Beneath this bowl of stars...

toddler activites, food, photos, and other orbital occurrences

here are some quick picks from a little stroll we did a couple weeks ago. Usually I am alone and it is really hard to stop the stroller and get out the camera. The first is just a nice street scene. Typical outdoor kitchens making and selling lunch and people going past on bikes and mopeds. The second is one of my favorite streets, where there area always people out eating and just in a good mood, but this was taken in the morning before the action really picked up.

Sometimes you see what seems to be a guy selling Shawarma... but if you take a closer look you see that like most things in China, it is fake. It's pork on a stick in a way that looks like Shawarma (the stick does not even spin).

I saw this in a market the other day and was so amazed I almost bought it.... but then I started thinking... if it really is so great, why have I never seen one out on the streets in New York, or even out in the streets here. Must look great, but when you actually use it, the folding mechanism is probably horrible.

For things like recycling and delivering water, the chinese use bicycles rather than trucks. Even for things like moving a couch.

I have been trying to grab a great picture of this for a while, but for some reason I either do not have my camera, or by the time I get it out and on, the shot is gone. So here you go, several shots of several different styrofoam collector bikes (Unfortunately these two are on the small size, but you will get the idea):

Amber and I were talking about Santa and Christmas in the tub tonight....

me: What do you want for christmas?
Amber: Pinecone! (this comes from her deciding that the "magic word" is 'pinecone' and not 'please' a long time ago, so whenever I ask her something she always says pinecone to be annoying)

me: no silly not pinecones for christmas, what do you want Santa to bring to you?
Amber: presents!
me: ok, what kind of presents do you want santa to bring you?
Amber: (eyes move around while thinking hard for a few seconds) A puppy!
me: A puppy? what are you going to do with a puppy?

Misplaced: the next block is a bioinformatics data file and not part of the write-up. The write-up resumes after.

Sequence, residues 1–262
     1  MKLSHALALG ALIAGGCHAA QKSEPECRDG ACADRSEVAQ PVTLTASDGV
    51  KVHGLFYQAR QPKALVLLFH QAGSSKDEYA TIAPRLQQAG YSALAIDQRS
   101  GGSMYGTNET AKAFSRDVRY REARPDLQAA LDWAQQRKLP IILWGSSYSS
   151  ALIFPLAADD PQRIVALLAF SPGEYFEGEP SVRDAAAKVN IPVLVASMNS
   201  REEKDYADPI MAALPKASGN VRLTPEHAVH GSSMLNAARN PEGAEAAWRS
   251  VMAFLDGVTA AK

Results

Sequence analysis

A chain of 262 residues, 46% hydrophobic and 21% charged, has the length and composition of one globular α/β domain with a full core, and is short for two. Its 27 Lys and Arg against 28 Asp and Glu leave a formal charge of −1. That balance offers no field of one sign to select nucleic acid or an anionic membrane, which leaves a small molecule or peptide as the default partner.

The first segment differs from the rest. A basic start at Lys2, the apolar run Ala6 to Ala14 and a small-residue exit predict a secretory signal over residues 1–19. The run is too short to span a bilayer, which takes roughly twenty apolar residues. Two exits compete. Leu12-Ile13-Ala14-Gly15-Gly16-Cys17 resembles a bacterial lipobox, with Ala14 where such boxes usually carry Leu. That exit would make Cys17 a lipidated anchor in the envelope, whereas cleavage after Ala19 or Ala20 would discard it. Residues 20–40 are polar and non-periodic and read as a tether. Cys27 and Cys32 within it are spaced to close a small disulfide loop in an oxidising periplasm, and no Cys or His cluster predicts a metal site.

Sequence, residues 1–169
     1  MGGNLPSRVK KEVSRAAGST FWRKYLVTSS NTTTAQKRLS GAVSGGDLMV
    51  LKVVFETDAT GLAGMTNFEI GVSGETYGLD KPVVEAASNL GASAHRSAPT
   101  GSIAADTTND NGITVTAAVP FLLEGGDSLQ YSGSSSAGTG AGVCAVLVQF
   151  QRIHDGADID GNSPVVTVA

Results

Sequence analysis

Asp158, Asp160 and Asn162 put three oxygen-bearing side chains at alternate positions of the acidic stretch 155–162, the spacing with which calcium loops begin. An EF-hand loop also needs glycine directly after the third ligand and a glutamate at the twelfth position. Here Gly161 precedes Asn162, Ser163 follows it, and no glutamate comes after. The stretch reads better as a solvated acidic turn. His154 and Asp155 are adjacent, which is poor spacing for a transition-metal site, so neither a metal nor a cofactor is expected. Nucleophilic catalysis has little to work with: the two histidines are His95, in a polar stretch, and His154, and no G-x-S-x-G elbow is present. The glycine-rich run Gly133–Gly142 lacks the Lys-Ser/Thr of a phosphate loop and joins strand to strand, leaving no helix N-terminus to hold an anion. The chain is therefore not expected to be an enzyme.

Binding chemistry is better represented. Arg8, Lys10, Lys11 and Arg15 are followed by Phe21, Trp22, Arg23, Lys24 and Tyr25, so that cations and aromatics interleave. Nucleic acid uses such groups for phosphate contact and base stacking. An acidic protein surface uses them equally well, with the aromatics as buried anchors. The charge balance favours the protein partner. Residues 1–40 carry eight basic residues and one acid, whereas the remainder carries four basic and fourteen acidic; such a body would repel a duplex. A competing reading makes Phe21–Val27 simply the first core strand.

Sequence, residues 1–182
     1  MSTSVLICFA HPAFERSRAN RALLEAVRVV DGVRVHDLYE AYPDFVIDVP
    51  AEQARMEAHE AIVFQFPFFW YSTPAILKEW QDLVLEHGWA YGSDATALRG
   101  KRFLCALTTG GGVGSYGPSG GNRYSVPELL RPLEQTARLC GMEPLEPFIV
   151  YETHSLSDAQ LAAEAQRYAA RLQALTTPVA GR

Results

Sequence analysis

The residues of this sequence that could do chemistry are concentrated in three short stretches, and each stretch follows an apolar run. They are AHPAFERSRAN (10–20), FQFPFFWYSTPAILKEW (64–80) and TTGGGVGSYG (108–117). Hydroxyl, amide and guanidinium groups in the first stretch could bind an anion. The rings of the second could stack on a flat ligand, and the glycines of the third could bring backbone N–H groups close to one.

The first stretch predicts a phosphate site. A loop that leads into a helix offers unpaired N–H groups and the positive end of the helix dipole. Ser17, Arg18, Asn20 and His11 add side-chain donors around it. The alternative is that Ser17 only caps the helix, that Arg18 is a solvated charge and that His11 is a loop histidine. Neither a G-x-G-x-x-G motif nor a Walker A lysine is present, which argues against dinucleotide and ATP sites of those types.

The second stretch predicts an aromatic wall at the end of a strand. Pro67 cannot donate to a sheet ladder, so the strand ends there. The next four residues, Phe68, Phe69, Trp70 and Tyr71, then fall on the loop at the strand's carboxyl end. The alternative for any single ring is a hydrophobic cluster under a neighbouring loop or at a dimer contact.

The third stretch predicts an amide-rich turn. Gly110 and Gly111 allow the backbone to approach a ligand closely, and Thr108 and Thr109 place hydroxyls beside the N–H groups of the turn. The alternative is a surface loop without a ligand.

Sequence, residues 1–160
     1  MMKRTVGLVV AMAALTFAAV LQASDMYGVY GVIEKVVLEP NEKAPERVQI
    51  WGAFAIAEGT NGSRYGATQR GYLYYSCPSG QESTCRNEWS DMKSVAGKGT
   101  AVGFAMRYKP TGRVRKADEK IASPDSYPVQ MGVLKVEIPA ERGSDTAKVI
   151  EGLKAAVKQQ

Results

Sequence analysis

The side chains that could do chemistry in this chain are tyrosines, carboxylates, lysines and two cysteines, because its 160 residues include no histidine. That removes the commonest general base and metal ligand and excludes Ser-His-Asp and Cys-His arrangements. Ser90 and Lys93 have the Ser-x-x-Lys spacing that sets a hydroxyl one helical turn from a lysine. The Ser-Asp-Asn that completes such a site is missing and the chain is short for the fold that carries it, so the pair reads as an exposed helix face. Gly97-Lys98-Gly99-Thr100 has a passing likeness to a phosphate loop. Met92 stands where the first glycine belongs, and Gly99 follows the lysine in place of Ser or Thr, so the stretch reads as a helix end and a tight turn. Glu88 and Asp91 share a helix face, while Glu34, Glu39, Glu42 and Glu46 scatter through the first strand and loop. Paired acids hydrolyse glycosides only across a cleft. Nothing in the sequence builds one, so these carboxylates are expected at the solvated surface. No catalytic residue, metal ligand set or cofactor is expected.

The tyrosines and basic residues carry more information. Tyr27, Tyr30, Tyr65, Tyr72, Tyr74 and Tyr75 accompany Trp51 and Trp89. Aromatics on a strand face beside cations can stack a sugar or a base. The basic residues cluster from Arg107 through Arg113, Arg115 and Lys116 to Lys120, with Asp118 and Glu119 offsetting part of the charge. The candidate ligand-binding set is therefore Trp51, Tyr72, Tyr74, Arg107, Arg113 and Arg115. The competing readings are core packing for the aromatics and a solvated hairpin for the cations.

Amber: eat it!

she's already eating like a local and we have only been here a month and a half!

Early last week Amber had a photo shoot to be put into the model book for a local children's photographer/talent agency. I signed her up to do it mostly because I just needed something to do, but also on the off chance she might get a job. I put off the appointment until Amber's Nainai was here because the studio is located in the middle of nowhere and I didnt like the idea of getting in a taxi alone going to some warehouse when I cannot talk to the driver and know nothing about the place I was going.... not to mention finding a taxi home. I figured with NaiNai around, we could at least tell the driver nevermind, take us home. Luckily she was with me because the driver had a hard time finding it and we drove in circles for a while, and it was a scary location (not crime wise, just deserted warehouse building area far far off the main street. They put Amber up on a white stage with white all around her started snapping away. They used a feather on a fishing pole, bubbles, a squeaky duck, a toy car, and a real white bunny to get her to smile. It all happened really fast and then we were back in a taxi headed home. We got a cd of about 300 pictures that they took and a huge poster print of one of them.
Then last Saturday while we were tree shopping, I got a call that they had a job for her! We went to the job today. We rode in the car for well over 2hrs to a town called Pinghu. Another child, Joshua who was 5 also came along. During the drive Amber developed her first crush. Joshua was singing, in true 5yr old form, "Life is a highway" and Amber was glowing from ear to ear.... she could not take her eyes off him or stop smiling.

To be cont....

takes longer than eating....